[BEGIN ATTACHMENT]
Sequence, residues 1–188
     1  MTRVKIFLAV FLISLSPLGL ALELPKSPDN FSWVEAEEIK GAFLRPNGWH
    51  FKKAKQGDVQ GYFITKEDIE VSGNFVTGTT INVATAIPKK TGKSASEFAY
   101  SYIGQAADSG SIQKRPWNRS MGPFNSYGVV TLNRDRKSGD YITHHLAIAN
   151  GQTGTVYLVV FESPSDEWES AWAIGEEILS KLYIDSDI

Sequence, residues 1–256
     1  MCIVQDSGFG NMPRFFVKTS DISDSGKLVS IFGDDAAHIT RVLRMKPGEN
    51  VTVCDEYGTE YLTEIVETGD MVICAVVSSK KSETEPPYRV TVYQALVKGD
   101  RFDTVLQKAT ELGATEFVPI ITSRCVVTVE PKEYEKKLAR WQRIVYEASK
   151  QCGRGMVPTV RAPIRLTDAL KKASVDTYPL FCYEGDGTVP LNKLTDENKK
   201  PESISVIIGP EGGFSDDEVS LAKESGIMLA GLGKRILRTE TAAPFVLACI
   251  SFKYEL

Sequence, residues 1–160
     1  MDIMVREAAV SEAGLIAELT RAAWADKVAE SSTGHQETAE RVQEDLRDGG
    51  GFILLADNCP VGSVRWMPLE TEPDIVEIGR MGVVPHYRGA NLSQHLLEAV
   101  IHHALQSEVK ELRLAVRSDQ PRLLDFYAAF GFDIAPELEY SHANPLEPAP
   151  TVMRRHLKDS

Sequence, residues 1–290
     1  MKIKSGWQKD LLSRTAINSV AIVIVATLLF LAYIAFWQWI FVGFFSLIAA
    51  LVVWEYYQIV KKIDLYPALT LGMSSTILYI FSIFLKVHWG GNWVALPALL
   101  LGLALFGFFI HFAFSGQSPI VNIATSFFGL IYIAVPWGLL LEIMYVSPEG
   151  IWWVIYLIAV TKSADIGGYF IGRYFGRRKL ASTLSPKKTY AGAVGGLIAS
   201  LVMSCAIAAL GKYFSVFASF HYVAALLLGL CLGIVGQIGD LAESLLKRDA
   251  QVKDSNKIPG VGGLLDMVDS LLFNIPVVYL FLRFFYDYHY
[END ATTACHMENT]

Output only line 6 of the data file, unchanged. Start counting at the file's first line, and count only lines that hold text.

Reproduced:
Sequence, residues 1–256